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Congress passes legislation to fund parks, conservation

President Donald Trump signed the Great American Outdoors Act into law on Tuesday, Aug. 4, guaranteeing funding for much-needed maintenance in the national parks and for future conservation projects nationwide. 

In celebration, entrance fees were waived on lands managed by the U.S. Department of the Interior Aug. 5, and every Aug. 4 going forward will be designated “Great American Outdoors Day,” a fee-free day to commemorate signing of the Act. 

The legislation provides dedicated funding to reduce the National Park Service’s deferred maintenance backlog and fully fund the Land and Water Conservation Fund. For years, the Park Service has experienced chronic underfunding including a reduction in staffing and a growing backlog of nearly $12 billion in needed repairs — all while dealing with record visitation. The legislation will dedicate up to $9.5 billion over five years to address the highest-priority repair needs.

The bill will also provide $900 million per year to the Land and Water Conservation Fund, which for 50 years has protected land for parks, wildlife refuges and recreation nationwide. The program is funded using a portion of revenues from offshore oil and gas royalty payments but has seen trouble in recent years, with the program lapsing for six months between September 2018 and March 2019 after Congress failed to pass reauthorizing legislation in time. The program was permanently reauthorized last year, but advocates have been working to see the program receiving full funding as well, as revenues had been diverted since the fund’s 1964 creation.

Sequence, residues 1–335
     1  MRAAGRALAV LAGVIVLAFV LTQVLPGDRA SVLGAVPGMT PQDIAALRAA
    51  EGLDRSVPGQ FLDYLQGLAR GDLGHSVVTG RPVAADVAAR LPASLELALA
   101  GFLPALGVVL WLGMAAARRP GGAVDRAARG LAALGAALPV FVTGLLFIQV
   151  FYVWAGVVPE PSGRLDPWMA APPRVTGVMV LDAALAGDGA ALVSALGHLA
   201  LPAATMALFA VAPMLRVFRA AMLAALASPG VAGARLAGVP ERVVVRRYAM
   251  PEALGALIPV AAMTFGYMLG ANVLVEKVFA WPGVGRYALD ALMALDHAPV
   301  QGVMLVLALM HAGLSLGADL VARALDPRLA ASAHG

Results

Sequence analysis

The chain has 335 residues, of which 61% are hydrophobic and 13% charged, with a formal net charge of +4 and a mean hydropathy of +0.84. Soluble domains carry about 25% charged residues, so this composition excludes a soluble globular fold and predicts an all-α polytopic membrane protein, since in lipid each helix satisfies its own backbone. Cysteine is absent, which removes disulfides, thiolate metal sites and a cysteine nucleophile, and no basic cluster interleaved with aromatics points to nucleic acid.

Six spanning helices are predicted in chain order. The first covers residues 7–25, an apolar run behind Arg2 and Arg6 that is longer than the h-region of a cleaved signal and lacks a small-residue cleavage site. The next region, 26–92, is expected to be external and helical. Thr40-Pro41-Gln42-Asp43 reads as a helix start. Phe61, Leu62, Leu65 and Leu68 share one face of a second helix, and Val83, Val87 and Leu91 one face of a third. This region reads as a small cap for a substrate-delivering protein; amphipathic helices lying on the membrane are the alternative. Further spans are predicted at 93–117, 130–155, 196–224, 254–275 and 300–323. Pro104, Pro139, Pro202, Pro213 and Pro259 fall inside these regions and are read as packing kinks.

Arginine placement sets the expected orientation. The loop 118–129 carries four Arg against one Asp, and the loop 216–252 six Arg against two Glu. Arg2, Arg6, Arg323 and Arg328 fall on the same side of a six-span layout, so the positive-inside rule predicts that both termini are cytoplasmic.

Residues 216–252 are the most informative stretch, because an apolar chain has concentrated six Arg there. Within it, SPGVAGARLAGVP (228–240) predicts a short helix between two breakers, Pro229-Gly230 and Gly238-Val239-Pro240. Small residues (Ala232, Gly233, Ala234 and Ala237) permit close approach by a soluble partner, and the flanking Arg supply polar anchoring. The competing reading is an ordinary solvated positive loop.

The bipartisan bill passed the Republican-controlled Senate on June 17 and the Democrat-controlled House on July 22. 

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